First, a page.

Training and Education is Essential to Entry-Level Workers’ Success

22 May

Recent college graduates need formal on-the-job training opportunities.

It's always beneficial for a company's employees – especially if they are recent graduates in entry-level positions – to receive formal on-the-job training to help them advance their careers and skill sets. A recent survey by management consulting firm Accenture found that employers often don't provide training and education opportunities to college graduates in entry-level jobs, despite these workers needing to enhance their abilities and to receive support from their employers to succeed.

While developing or implementing training programs can be expensive for some companies, HR professionals should be behind giving workers the education they need to do their jobs properly and to stay at the company a long time. In fact, most young employees expect their employers to provide them with formal training. When it comes to training talent, HR professionals shouldn't discount the long-term monetary benefits of having satisfied, educated workers at the company. 

Disparity Between Recent Grads' Training Expectations and Reality
According to Accenture's "2014 College Graduate Employment Survey," there are significant contrasts between what the graduate class of 2014 anticipates about the workplace and what the classes of 2012 and 2013 have experienced. Of the 1,010 participants from the class of 2014, 80 percent anticipate receiving training from their first employers. However, of the 1,005 survey respondents from the two previous graduate classes, only 48 percent actually underwent formal training at their first jobs.

Employers May Need to Rethink Their Lack of Employee Training
A Harvard Business Review blog noted that there may be numerous reasons behind an employer's decision not to provide training and education to their entry-level workers or those who recently graduated from college or university. Since training can be costly for employers and there continues to be many experienced employees looking for jobs, some companies may not think it is worth it to provide workers without the necessary skills training to bring them up to the needed skill level. Instead, some may consider weeding out these employees to be less costly. However, employers may be missing out on taking advantage of top performers with a talent for leadership by taking this type of approach to young employees' training and education.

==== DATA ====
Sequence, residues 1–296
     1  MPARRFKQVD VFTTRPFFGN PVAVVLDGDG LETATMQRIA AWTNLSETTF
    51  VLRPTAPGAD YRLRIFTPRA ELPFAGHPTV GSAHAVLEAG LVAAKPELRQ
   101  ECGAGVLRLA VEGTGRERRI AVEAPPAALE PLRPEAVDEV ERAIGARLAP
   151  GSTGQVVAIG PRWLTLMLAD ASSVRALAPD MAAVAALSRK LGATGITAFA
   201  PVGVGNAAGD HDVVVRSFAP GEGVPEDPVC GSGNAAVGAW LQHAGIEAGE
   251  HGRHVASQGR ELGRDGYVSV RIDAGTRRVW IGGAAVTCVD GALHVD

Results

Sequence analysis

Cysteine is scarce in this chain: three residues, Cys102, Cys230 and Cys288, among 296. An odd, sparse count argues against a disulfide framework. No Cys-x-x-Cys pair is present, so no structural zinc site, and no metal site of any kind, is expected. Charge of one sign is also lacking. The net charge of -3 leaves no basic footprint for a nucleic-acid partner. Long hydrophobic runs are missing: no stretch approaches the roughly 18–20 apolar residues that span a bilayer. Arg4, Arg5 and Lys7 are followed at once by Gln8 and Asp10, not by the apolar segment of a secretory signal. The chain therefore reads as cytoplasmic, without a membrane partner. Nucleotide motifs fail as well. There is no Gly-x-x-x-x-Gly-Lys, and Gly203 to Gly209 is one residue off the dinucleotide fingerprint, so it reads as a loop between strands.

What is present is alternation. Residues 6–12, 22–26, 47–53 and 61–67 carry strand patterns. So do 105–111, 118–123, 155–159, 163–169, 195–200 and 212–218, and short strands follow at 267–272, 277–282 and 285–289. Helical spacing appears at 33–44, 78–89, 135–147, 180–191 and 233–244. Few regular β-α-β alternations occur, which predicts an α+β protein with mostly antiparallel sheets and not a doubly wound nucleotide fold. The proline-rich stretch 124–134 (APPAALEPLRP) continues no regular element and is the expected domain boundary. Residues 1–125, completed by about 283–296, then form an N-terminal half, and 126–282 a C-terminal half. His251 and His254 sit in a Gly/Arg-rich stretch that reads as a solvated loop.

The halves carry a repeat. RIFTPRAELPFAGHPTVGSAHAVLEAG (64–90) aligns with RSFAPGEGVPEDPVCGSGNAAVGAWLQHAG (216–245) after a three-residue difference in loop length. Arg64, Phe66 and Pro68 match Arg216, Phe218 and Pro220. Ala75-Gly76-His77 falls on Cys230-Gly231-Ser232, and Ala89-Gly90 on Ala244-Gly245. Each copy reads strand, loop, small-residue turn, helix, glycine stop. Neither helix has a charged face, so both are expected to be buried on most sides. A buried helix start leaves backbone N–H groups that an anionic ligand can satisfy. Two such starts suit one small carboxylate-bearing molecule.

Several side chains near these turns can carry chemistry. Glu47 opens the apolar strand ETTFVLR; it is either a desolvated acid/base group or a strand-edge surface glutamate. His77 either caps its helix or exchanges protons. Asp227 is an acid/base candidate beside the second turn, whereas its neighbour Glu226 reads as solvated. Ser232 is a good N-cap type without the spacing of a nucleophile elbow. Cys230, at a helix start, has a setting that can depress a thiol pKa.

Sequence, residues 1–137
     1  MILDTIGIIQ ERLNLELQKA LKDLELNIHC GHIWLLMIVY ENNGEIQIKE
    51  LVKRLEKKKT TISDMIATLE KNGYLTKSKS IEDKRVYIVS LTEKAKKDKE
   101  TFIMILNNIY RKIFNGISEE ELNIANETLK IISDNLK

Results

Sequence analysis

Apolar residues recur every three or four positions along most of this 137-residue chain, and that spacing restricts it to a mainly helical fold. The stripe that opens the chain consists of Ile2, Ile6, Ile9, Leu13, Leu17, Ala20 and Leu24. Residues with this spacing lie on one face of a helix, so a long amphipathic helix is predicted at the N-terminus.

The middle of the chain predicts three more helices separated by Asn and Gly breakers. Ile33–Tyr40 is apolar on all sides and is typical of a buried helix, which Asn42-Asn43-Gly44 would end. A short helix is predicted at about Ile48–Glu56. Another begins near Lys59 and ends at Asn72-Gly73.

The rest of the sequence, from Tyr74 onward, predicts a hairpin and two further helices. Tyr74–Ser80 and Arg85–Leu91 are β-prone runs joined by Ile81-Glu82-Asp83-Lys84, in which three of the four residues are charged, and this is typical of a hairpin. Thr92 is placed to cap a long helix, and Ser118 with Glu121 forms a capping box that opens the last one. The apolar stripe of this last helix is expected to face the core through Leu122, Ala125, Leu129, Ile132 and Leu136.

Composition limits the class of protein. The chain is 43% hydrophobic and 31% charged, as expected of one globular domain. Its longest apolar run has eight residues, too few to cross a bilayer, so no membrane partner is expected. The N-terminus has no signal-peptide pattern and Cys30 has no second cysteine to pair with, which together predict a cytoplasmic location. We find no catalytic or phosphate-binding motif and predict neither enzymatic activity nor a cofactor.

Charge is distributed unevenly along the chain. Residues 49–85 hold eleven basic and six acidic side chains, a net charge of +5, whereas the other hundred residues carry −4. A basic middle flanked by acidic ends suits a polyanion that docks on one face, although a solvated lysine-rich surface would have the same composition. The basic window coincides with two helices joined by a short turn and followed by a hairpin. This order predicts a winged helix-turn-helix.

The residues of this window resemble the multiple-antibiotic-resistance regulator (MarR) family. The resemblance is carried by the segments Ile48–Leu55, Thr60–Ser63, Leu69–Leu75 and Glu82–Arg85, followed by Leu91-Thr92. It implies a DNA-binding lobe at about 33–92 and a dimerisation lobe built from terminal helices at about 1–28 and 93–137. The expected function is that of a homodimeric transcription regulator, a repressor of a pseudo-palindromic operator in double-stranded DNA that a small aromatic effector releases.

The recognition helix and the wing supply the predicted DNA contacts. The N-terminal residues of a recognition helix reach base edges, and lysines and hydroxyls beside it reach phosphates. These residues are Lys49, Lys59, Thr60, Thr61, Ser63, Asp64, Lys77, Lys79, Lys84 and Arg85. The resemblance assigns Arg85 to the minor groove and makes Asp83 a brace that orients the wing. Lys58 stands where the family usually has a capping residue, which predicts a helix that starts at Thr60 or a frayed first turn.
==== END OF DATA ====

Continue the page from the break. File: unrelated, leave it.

An article on TLNT by Eric Chester, a workforce expert, and Mark Sanborn, president of leadership development company Sanborn and Associates, suggested employers start looking for leadership qualities in workers right when they enter the workforce. Training young employees – or "firsters" as the article calls them – can seem as if it is unneeded, that these workers should learn on their own like their older counterparts, but Chester and Sanborn noted mentorships and other types of skill development opportunities can lead to higher profits for the business and highlight which workers have the potential to be leaders at the organization.

When HR professionals bring in recent college graduates, they need to be prepared to be expected to provide formal career and skill development to these workers. The training and education of talented employees is a critical part of HR departments, and human resources professionals can't forget that entry-level workers may require development opportunities more than other other demographic in the workplace.

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